First, as a rural parish, we don’t have a budget for that. I know you understand. Second, it’s Nevada, and on two of the three Sundays this month the forecast high temperature was 110 degrees. Yes, we have air conditioning, but as someone who grew up in central Wisconsin, it’s kind of like saying “turn the heat up” when it’s minus 30 degrees outside. Eventually you resign yourself to the fact that it’s going to be cold. Or stifling.
Ah, the Mass setting!
These are the sung parts of the Mass that stay the same throughout the year, changing only during Lent. This is of course a sacred cow, because some of the existing ones are beloved and easy to sing, and well, some are not. We use one that was composed by our previous music director and we continue to sing it because it’s stunning, though I know visitors to our parish probably wonder where on earth it came from. It’s a good reason to come back to our parish – when we sing “Lamb of God,” wow, it’s heavenly.
We often get asked why we don’t sing more of the old favorites. The simple answer – sometimes – is that they might be too secular. To be fair, our Holy Church allows and encourages hymns from some of the world’s most incredible non-Catholic composers, including Martin Luther (“A Mighty Fortress”), Charles Wesley (“Christ the Lord is Risen Today”) and many other Christian musicians. Where we run into trouble, surprisingly, is at weddings and funerals. As a former Protestant, I played piano at an Air Force veteran’s memorial and was actually allowed by the minister to conclude the service with a piece the family adored – perhaps you’ve heard it? “Off We Go, into the Wild Blue Yonder?”
The problem is especially acute at weddings where popular, secular music might be lovely – but it’s not appropriate in the context of the Mass. It also happens – usually in Lent – that many incredibly popular country, western or gospel hits get requested. Some of these are LOVELY and do not in any way conflict with what we believe – but they simply aren’t on the appropriate-for-Mass lists, so we urge people to hear us play them in the fellowship hall while we’re biting the heads off chocolate Easter bunnies.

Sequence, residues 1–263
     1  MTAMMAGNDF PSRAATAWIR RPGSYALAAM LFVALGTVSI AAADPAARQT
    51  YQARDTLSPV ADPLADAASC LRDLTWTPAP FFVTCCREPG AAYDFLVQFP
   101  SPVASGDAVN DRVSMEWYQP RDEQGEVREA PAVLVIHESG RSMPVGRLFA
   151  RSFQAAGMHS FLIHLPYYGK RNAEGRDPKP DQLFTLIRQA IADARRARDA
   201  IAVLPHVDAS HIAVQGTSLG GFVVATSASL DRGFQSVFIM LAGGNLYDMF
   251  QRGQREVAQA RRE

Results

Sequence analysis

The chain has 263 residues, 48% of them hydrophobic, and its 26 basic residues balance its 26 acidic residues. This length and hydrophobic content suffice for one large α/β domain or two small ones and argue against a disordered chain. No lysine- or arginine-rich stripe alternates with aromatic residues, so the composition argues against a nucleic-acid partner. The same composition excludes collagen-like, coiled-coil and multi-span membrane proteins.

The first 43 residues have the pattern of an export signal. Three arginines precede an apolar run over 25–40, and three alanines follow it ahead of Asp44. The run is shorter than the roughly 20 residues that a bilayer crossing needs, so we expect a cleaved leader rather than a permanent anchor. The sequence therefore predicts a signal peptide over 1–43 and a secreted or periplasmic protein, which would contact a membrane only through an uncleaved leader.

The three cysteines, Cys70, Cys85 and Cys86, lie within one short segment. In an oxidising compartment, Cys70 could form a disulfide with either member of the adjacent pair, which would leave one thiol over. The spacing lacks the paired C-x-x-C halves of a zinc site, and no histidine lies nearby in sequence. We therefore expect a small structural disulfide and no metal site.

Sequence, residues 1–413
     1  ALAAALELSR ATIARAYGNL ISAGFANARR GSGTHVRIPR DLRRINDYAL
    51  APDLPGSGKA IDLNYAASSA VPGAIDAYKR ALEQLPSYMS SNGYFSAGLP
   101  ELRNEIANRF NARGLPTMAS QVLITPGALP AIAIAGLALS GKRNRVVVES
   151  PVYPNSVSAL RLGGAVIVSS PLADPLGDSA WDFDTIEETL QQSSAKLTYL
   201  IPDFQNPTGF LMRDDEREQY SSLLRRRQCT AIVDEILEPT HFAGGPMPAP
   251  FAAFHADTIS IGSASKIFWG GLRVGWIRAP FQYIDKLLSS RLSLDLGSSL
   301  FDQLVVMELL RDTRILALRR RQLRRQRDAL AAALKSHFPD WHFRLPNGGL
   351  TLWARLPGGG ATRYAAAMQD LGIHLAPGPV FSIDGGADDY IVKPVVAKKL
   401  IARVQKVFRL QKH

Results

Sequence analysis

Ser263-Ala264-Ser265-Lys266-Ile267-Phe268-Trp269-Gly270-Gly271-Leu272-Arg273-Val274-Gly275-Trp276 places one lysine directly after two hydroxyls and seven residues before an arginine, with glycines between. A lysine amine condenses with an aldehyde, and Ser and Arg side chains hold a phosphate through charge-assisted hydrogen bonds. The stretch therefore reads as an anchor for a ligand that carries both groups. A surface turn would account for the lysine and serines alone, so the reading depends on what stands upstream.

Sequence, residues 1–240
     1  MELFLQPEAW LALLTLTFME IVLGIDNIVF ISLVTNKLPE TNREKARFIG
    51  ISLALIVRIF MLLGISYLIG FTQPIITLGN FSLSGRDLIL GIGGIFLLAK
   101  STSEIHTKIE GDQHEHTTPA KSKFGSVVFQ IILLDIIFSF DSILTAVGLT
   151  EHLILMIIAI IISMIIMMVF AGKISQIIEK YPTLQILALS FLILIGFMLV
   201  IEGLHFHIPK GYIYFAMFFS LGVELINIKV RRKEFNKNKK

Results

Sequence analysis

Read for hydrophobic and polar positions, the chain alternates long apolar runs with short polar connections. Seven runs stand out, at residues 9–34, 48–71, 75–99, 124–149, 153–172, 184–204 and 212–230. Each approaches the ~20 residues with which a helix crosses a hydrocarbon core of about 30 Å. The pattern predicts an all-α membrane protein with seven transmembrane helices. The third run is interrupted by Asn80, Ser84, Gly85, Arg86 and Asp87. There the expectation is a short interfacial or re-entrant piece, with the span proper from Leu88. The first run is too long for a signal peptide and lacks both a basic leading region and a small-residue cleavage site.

Is it okay if you don’t sing along?
Of course, and we know some people just aren’t comfortable doing it. Our goal as a choir is to help everyone achieve “full, active and conscious participation in the Mass.” So if singing is not your thing and you’re fully, actively and consciously participating, we understand. Don’t worry that people are listening only to you. You could even SAY the words quietly to yourself. We know that you are not Celine Dion or James Taylor, and we aren’t either. When you do sing, it’s very encouraging to the choir. And likely to God, who wants to hear YOUR voice in praise of Him, whether sung or whispered.
Finally, don’t be afraid to approach the choir after the Mass and say something positive, even if it’s only “I appreciate you being here for us.” We hold rehearsals every week, some of us sing at more than one Mass, and I estimate that members of my choir are now sufficiently familiar with over two hundred and fifty pieces of music that they could sing on short notice beautifully if needed. That’s a major time commitment and it says a lot about their faith. The fifth-century bishop, St. Augustine, said, ‘’Those who sing pray twice.” The words of our hymns are prayers, and when we sing them, we add to them a further dimension of honor and praise. So… please join us and sing to the Lord!
— Liese Peterson lives in Nevada with her husband and three swimming dogs. She is an international businesswoman and enjoys writing about her experiences as a convert to Catholicism.